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Washington, D.C. - July 29, 2013 - Fourteen states and the District of Columbia announced today they are committed to field testing the next-generation PARCC assessments in the upcoming 2013-14 school year, a key step in building a high-quality assessment system that will be rolled out broadly in schools during the following academic year.
PARCC (Partnership for Assessment of Readiness for College and Careers) is a group of states working together to develop computer-based 21st century tests that are aligned to the more rigorous Common Core State Standards. The new tests also will measure deeper-learning, critical-thinking, writing and problem-solving skills, which are essential to college and career success.
The states participating in the field tests are Arizona, Arkansas, Colorado, District of Columbia, Illinois, Louisiana, Maryland, Massachusetts, Mississippi, New Jersey, New Mexico, New York, Ohio, Rhode Island and Tennessee.
"We have a very strong core of states who are committed to PARCC for the long haul," Massachusetts Commissioner of Education Mitchell Chester told reporters during a conference call in which commissioners of education from several PARCC states announced the field testing.;Field testing will help PARCC create strong assessments with high-quality questions that are free of bias and challenge students working at all performance levels. Accommodations will also be employed and studied through the field test.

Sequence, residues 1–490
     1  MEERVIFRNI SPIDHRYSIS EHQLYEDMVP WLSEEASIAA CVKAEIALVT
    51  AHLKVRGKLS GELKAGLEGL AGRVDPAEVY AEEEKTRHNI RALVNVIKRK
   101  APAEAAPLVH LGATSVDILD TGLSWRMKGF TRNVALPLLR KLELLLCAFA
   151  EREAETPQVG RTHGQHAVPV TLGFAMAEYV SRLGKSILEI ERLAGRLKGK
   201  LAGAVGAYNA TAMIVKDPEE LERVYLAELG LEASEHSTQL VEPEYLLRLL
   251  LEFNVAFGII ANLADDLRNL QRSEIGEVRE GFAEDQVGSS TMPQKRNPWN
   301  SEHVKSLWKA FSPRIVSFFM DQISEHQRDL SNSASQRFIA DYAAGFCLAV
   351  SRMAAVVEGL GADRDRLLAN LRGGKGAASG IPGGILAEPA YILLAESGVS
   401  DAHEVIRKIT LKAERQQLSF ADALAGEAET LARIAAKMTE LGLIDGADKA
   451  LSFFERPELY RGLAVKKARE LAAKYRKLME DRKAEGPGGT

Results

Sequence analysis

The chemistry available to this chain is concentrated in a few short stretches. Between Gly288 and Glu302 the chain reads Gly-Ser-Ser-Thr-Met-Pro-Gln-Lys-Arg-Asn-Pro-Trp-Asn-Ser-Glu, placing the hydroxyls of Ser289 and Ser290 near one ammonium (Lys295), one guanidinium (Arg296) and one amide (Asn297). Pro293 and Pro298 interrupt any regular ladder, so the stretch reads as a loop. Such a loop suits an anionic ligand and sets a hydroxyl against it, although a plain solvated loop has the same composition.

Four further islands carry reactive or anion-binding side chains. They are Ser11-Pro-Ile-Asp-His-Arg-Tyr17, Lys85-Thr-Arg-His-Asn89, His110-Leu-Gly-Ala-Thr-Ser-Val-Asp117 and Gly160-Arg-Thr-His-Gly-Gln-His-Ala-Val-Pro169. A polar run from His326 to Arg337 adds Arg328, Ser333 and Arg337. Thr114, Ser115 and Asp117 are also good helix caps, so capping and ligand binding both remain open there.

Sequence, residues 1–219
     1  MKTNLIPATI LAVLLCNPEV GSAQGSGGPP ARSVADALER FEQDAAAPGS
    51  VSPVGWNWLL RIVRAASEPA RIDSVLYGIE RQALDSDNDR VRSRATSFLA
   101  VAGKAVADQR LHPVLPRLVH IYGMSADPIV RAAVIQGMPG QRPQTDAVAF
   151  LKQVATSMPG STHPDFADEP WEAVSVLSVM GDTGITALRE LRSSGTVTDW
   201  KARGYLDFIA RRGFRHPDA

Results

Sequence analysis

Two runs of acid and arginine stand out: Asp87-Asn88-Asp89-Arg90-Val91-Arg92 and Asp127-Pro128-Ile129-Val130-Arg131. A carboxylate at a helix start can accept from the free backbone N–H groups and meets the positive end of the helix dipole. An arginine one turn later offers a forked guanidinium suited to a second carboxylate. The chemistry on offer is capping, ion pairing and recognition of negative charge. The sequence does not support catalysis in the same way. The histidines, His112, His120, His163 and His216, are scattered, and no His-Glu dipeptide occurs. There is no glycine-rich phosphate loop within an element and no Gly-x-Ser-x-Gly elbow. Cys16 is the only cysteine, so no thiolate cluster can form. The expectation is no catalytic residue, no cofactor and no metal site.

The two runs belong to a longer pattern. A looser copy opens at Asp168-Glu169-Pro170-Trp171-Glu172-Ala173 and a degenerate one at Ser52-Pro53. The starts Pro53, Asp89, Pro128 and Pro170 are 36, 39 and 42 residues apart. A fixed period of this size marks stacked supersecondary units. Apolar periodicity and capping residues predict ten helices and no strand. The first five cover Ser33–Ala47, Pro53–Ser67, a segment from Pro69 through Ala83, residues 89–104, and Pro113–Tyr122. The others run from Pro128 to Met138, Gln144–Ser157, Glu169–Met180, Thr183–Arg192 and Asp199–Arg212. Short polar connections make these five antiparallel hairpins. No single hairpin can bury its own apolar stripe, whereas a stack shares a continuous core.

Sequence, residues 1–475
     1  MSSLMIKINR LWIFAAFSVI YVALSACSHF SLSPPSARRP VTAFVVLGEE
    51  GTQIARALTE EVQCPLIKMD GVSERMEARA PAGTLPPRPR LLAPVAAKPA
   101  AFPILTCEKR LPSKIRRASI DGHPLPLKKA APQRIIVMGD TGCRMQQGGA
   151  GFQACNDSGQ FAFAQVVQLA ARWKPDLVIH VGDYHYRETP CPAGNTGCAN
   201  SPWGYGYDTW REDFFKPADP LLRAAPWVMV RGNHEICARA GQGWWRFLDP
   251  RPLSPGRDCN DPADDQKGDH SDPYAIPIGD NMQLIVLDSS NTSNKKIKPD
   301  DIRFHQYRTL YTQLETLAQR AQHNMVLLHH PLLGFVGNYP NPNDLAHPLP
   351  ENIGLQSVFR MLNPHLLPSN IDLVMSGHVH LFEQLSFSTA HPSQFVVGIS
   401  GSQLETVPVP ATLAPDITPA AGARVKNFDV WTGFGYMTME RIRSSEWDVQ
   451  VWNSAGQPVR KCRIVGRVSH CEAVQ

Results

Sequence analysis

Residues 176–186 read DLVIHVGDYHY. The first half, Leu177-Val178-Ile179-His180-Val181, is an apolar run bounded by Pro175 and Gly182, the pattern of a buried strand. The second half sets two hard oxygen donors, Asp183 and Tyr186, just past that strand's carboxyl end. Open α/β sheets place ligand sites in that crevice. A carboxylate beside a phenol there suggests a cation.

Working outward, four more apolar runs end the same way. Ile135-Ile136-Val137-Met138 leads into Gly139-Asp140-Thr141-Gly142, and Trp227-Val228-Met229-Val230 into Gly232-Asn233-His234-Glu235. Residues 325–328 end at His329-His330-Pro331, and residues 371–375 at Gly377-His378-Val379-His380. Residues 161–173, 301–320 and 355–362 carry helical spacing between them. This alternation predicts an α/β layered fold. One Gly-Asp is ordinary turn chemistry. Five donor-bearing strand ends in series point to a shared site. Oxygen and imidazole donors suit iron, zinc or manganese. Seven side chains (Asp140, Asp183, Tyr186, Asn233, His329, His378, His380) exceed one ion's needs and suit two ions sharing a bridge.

Added Tennessee Commissioner of Education Kevin Huffman, "These are assessments that are going to match the level of rigor of the Common Core State Standards."
Rhode Island Commissioner of Elementary and Secondary Education Deborah A. Gist said PARCC assessments would be tests worth taking. "Quality has been the key issue for us from the very beginning," Gist said. "We weren't interested in moving to another assessment unless there was going to be a tremendous focus on quality."
PARCC has formally amended its grant for Race to the Top funding to fully operate as an independent 501(c)(3) nonprofit organization with its own funding, board of directors, staff and programs. The state consortium began as a collaborative of states working together, with support from the non-profit Achieve, which has served as project management partner; this change to an independent 501 (c) (3) will give PARCC the long-term sustainable architecture to support states in the operations of the assessment system and to continue strengthening the assessment system through research, item development and other tasks.
"PARCC is really developed by the states for the states," Colorado Commissioner of Education Robert Hammond said during Monday's call with reporters. "The bottom line is we're working together to create the highest quality assessments in the history of American public education."
The state chiefs noted that by working together PARCC was keeping quality up and costs down. Added Hanna Skandera, Secretary of Education for New Mexico, "We believe in having the best of the best for our kids. We are stronger together than we are as individuals."
PARCC also announced progress on several key fronts:
For more information, visit http://www.parcconline.org.